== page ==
5. Clearly separate IN/OUT Storage stages:
    • IN stage: Incoming data, like raw data or shared buckets
    • OUT stage: Processed data ready to be used elsewhere (in BI tools, Snowflake, other projects).
  6. Set “_PK” and “_ID” columns within each table to mark primary and foreign keys.


Every component configuration, transformation, or flow should briefly explain (in two or three sentences) its role in the data flow. Here are some tips:

  1. Add more details further into the description, like any implementation specifics or important points to note.
  2. Use Markdown to highlight important sections.
  3. Include links to related objects or other parts of the project, e.g., Keep in sync with the [original transformation](
  4. Consider mentioning the original owner of the configuration, even though this can be seen in the version history.

Sharing Data via Data Catalog

This depends on your multi-project architecture. Here’s a guide for a system with multiple project layers.

Only users with organization admin or share role permissions can share buckets.

As a rule, avoid sharing data from higher to lower stages/layers. Limit sharing within the same stage/layer unless necessary.

In the example below, we use levels 00, 10, 15, and 20 as equivalents to L0, L1, L15, and L2.

Sharing from level 00

  • Share only with 10-level projects.
  • Share only OUT stage buckets. Share tables into the output buckets using table aliases if no transformation is needed.

Sharing from level 1+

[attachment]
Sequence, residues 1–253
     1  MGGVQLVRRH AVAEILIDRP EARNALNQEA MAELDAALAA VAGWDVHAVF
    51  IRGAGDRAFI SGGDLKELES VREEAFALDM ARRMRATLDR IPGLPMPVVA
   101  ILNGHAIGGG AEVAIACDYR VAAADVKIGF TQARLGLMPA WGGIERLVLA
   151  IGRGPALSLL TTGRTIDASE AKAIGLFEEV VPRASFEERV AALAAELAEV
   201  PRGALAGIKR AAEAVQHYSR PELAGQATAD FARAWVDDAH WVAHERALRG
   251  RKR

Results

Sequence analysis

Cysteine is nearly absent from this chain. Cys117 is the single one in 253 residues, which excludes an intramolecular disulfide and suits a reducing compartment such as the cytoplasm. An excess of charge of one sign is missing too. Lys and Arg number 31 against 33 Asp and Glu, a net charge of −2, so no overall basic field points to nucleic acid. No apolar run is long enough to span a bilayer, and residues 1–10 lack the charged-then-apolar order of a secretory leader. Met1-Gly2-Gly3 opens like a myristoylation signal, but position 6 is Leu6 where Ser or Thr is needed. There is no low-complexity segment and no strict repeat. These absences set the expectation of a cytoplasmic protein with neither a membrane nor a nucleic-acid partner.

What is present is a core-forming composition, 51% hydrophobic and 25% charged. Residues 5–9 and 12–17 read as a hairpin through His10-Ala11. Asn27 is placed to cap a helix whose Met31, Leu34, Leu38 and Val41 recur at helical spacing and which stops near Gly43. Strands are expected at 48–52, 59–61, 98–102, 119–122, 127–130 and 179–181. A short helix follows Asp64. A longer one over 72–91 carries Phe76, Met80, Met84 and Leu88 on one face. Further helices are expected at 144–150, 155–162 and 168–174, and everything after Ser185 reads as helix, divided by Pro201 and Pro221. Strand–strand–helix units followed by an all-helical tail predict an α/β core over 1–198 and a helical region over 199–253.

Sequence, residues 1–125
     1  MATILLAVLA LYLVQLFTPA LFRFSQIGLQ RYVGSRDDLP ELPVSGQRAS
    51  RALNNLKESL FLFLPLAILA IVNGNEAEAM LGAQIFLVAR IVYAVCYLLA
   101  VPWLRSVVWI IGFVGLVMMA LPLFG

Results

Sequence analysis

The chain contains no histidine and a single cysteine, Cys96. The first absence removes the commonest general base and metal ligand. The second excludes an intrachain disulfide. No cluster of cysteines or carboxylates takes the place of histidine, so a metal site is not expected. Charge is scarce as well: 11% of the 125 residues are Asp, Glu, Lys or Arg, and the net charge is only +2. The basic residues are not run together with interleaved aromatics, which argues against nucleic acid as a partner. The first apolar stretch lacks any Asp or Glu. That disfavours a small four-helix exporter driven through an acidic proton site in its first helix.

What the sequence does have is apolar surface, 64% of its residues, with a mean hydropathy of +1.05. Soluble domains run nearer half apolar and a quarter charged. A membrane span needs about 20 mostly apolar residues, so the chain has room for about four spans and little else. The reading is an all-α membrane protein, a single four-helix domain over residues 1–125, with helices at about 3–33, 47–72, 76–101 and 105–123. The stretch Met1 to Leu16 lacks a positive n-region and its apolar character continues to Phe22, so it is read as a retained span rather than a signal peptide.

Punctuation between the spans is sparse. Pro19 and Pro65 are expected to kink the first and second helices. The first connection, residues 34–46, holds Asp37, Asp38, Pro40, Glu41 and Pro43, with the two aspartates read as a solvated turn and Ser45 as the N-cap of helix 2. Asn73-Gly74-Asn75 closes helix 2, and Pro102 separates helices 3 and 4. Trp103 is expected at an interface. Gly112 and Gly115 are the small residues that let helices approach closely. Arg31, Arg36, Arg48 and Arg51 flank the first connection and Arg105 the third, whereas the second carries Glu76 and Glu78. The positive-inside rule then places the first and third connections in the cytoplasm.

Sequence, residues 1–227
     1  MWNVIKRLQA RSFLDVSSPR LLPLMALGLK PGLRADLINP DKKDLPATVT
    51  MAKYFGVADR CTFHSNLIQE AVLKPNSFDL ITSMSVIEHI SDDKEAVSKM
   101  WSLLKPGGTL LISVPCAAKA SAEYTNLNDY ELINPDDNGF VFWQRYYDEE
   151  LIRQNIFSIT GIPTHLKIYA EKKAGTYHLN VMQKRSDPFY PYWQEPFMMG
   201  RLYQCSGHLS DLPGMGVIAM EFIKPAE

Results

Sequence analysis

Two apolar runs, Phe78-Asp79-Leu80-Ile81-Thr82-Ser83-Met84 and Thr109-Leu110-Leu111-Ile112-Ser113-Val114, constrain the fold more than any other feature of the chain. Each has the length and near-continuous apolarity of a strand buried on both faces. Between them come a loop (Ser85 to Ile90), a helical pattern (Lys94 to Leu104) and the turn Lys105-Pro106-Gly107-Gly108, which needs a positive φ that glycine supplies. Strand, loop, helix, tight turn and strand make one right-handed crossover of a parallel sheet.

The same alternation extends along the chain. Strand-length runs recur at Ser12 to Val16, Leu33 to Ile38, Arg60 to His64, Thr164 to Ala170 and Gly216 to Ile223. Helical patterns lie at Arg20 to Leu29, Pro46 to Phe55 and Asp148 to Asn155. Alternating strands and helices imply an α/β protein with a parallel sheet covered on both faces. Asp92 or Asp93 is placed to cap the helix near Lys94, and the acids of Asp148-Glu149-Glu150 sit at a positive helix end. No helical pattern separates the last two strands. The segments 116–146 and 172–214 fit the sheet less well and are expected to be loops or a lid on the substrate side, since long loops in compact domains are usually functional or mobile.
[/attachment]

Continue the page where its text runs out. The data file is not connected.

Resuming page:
• Do not share with 00-level projects.
  • Try to limit sharing to other level 10 projects if possible.
  • Share only OUT stage buckets. Share tables into the output buckets using table aliases if no transformation is needed.

Sharing from level 20

  • Do not share with 00- or 10- or 15-level projects.
  • The outputs of level 20 projects typically consist of data products that are ready for consumption in BI tools, applications, or other contexts.

Linking buckets

  • Buckets from other projects are always in the IN stage, prefixed with SHARED and a reference to the input project.

Using Development Branches

Development branches are separate areas for independently developing or modifying configurations for a specific purpose. Changes made within a branch become accessible to other branches or projects only after they are merged into production.

Some users implement changes in development branches but create new configurations directly in the production branch. Others might not use branches, depending on their internal rules.

When creating or modifying configurations, use a development branch. Name it {Owner}[USE-CASE] Branch Name to show its purpose, like {Jane}[FINANCIAL REPORTING] New MSSQL data integration.

Run components like data source connectors, applications, and transformations in the development branch first to test them.

Be careful with data destination connectors, as they can still overwrite production data.

Security Principles

Include your organization’s specific security principles here. The platform might not directly enforce some, but Organization admins can monitor them using telemetry data.

Here are some of the commonly followed principles:

  • Only project owners invite users to their projects.
  • Every user must enable an MFA (multi-factor authentication).
  • All changes should be made in a development branch.
  • Don’t store sensitive information like passwords, tokens, or keys in plain text in configurations (e.g., don’t use a Python transformation for integration with an API that requires a token authentication).
  • Consult the project owner before using data destination connectors to write data out of projects.

Admin Project

For organizations with multiple projects, creating a dedicated admin project is helpful. This is a central hub for administrators to manage and analyze telemetry data. Find more details in the Keboola Governance Guide.

Our admin project link:

The project extracts the organization’s telemetry data and prepares it for visualization and reporting.